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  • Writer's pictureThomas Fourier

How a critical project was brought back on track

A lot depended on the project. The entire board was aware that delaying the product launch by a month would cost more than 5 million. When he compared the various reports and presentations from the responsible parties in the steering committee, he had to expect a deviation from the original plan of at least two months. However, this was not certain, as feedback from the project was slow and only came upon direct inquiry, and was sometimes contradictory. The project manager himself tried to remain optimistic, although he complained about a lack of resources at every opportunity. Nonetheless, he never questioned the final deadline to the board. As the saying goes, hope dies last!

When the board asked each department, they always received only a fragment of the project, never the whole picture. The information, and especially the information gaps, worried him. And there were only nine months left!

In this uncertain situation, Humanagement was brought in to check the actual status of the project and provide suggestions for securing the deadline.

In the initial meeting with the project manager, our main goal was to ensure good collaboration with him. Of course, the project manager knew the indispensability of his expertise for the project. However, he quietly feared that the involvement of external consultants might undermine his position or even reveal his mistakes.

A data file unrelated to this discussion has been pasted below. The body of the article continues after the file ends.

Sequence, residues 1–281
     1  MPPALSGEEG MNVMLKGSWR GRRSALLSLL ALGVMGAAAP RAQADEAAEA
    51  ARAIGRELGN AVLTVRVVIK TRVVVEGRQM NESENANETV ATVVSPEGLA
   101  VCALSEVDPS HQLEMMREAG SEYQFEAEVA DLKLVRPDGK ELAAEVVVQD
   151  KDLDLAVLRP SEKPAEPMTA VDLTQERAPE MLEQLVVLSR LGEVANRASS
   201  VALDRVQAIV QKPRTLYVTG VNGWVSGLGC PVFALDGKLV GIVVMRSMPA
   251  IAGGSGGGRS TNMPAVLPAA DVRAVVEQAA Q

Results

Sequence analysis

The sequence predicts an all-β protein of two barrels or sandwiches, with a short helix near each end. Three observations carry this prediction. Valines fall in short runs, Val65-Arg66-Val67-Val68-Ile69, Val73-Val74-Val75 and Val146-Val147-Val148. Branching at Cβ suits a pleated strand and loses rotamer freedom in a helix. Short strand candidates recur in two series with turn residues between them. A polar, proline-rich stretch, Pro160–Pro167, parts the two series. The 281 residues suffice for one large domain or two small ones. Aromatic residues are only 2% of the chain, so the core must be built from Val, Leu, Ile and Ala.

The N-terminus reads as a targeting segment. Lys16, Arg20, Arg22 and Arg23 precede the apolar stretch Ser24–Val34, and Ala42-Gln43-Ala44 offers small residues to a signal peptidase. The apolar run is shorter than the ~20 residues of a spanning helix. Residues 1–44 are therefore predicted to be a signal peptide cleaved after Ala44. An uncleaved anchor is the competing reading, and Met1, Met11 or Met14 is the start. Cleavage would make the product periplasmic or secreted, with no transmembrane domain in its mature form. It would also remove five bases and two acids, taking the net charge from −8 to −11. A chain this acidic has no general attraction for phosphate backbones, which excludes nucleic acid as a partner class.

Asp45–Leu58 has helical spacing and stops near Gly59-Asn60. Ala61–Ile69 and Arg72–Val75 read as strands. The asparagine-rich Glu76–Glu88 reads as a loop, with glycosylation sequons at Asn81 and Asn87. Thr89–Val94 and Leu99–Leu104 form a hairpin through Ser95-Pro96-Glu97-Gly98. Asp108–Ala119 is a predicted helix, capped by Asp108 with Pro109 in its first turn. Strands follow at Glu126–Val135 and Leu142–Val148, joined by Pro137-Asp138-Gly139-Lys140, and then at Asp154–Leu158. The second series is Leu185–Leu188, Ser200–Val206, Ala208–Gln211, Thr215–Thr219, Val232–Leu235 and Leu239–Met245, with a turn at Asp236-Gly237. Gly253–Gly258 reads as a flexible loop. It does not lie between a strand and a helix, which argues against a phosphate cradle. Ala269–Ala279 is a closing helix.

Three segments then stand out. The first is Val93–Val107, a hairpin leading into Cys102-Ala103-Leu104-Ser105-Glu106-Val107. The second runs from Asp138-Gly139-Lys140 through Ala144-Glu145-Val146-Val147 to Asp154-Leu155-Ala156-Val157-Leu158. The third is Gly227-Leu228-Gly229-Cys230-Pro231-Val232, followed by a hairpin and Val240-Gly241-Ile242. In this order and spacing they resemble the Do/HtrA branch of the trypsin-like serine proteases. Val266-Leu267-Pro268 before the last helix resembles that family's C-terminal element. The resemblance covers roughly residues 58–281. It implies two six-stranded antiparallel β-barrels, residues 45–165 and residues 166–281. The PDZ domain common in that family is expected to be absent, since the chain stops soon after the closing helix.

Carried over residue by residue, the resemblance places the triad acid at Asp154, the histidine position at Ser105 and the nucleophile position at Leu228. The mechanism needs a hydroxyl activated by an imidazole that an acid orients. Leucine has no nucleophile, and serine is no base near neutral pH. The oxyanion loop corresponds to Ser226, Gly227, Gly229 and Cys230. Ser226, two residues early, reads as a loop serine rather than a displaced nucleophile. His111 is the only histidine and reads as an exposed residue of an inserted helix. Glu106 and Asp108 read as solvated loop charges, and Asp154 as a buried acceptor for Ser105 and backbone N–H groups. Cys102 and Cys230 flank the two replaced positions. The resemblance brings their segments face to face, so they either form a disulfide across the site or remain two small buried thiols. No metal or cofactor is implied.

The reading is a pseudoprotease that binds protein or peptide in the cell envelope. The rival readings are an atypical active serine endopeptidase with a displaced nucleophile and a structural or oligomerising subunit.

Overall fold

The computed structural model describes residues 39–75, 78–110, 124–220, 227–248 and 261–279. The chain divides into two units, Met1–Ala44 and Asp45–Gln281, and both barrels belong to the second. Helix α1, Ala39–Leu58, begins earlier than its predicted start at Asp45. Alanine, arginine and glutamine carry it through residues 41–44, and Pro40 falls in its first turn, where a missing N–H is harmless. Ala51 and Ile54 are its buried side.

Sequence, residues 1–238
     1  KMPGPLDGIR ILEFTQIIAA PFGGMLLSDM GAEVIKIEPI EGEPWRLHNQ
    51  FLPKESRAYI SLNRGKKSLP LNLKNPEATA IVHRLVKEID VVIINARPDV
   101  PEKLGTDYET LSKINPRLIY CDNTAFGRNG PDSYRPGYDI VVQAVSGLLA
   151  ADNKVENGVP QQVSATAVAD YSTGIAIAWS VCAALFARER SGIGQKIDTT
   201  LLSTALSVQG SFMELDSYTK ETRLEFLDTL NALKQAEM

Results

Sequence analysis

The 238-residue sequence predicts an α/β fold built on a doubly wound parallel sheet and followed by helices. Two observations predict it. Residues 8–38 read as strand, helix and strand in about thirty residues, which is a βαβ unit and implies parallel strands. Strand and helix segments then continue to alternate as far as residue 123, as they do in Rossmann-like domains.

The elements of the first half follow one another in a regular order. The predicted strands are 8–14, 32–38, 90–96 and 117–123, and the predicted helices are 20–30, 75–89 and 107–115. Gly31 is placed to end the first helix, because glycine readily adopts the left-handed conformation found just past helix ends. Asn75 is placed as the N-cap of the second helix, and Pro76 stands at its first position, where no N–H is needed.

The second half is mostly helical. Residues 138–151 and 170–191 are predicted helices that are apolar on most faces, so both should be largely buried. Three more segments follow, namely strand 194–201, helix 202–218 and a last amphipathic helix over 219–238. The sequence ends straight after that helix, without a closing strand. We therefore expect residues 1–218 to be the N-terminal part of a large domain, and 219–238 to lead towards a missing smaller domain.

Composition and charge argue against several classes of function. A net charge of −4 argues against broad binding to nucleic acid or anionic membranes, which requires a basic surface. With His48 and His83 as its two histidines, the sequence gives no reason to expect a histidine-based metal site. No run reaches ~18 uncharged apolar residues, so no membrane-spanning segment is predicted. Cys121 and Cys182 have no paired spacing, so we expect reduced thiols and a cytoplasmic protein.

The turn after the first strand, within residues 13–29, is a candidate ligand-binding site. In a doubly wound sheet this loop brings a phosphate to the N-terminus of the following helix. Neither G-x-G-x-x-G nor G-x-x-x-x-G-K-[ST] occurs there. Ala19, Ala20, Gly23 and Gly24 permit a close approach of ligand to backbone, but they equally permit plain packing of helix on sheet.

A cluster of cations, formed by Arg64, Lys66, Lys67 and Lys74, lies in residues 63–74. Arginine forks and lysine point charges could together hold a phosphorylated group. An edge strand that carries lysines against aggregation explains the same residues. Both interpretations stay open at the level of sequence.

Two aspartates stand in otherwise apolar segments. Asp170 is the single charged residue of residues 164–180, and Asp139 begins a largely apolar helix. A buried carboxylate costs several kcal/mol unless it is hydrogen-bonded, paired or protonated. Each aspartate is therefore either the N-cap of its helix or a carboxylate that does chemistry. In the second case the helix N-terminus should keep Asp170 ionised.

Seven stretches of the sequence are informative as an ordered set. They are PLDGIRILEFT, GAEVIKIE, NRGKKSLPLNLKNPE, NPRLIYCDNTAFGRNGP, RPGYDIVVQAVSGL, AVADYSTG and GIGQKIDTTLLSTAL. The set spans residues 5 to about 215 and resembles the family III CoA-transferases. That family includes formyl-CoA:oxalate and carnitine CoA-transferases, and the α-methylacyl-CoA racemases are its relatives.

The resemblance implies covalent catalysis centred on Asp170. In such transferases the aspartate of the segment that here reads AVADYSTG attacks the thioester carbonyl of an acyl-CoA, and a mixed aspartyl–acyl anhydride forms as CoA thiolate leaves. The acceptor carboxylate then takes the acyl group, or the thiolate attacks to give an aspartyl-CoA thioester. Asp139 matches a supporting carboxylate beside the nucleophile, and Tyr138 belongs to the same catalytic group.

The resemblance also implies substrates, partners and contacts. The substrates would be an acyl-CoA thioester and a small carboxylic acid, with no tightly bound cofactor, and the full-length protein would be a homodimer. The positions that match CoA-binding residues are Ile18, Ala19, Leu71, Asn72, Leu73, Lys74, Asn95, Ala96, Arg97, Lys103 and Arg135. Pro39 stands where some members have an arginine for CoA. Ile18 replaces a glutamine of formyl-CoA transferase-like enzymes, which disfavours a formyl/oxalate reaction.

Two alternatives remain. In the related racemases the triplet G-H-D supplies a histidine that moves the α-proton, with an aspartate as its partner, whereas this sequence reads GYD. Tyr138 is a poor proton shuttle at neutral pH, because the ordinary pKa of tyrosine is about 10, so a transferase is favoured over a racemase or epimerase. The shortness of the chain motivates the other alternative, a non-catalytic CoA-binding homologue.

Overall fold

On the other hand, the pressure on him had significantly increased. There were some reshuffles in his team, motivation was at rock bottom, and some unresolved issues with cooperation partners needed to be dealt with. These were the really "important" issues. However, in recent days, he had mainly been occupied with "urgent" matters: the status presentation for the board, updating project budget information for controlling, responding to the constantly changing demands of the marketing department, and not least the conflict with the lab manager to finally give the project the necessary priority.

Humanagement's offer to get the project back on track together with him and take a lot of work off his plate seemed to have positive aspects after our initial discussions and closer consideration. He agreed.

Now the actual work could begin. The starting point for our concrete entry into the project was the existing project plan, which had become outdated in many places but still provided good starting points. After an initial review, the Humanagement team, together with the individual project members, compared the existing planning documents with the actual project reality and gradually revised the plan.